This little sketch of the Earth with tiny satellites orbiting it is a model of my life as a writer. Well, it’s the model my husband suggested to me. We were at breakfast and I was telling him about the projects I had sent to my agent, the one I was working on now, and the ones I had lined up to work on when this currently project was done.
“These are all things you’ve been working on for awhile,” he said. “You work on them, leave them for a bit, then come back to them.”
“That’s true,” I said.
“This is how I think of your work. It’s like you’re a little writer in a spaceship, orbiting the earth. You come to an asteroid, that’s your project and work on it. Sometimes you get a call from mission control. You have to move on to the next one. But that other one is still out there, waiting for you to return. And you always do. You keep going around and around.”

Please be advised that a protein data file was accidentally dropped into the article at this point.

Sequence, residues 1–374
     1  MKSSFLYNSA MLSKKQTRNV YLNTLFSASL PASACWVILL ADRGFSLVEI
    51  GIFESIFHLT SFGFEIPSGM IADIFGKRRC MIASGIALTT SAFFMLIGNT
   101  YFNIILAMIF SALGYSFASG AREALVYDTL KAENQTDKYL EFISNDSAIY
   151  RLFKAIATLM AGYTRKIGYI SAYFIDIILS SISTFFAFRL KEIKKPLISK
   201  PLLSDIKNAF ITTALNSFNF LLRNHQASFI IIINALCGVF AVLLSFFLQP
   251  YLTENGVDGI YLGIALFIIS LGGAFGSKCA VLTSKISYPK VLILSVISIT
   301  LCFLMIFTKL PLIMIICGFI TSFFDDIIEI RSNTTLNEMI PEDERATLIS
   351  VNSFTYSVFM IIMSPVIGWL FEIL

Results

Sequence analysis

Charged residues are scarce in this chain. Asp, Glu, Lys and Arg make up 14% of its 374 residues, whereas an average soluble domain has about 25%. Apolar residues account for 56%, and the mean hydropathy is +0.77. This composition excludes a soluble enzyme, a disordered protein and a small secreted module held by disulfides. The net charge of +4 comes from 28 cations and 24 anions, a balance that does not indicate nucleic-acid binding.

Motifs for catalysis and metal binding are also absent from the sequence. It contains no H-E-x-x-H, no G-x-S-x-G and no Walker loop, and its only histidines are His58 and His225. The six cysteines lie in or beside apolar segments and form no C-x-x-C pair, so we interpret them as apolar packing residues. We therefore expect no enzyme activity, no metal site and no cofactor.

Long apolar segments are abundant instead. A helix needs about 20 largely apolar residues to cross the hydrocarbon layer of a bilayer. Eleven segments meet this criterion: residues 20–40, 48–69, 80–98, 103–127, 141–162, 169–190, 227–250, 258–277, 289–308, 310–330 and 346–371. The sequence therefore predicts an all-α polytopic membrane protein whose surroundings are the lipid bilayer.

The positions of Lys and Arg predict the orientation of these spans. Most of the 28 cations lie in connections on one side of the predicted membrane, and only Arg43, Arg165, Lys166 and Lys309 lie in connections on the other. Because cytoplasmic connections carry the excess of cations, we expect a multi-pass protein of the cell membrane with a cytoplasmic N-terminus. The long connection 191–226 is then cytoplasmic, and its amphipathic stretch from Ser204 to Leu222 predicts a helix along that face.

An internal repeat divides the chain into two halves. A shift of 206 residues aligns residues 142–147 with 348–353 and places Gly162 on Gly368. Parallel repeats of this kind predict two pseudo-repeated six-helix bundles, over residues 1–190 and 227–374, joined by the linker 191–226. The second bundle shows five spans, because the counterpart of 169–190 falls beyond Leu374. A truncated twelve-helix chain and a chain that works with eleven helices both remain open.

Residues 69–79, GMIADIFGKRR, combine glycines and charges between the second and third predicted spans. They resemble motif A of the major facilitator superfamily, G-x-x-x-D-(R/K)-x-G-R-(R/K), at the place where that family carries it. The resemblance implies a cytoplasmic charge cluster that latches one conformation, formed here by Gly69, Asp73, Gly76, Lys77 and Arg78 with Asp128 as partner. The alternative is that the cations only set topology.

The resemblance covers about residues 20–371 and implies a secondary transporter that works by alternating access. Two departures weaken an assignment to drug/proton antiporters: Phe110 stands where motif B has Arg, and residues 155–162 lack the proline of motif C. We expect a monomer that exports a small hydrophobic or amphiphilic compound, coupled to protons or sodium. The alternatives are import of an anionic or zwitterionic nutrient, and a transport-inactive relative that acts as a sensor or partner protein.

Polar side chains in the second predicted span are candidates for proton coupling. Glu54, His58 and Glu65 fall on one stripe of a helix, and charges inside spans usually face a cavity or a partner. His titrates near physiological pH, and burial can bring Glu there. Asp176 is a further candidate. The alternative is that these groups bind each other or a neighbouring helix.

“But I finish things,” I remind him.
“Yep, you do, and then new projects get launched into orbit.”
I laughed, because I loved this analogy. I don’t know if I’d ever be brave enough to go into space for real, but it takes a certain amount of bravery to be a writer, because you do have to trust yourself, launch yourself into space, handle the inevitable beeps and whistles and warning sirens, fix problems, and then send your projects off and hope they land.
It’s OK if you have to set aside a project for awhile. It will be there, waiting for you, when you swing back around the world.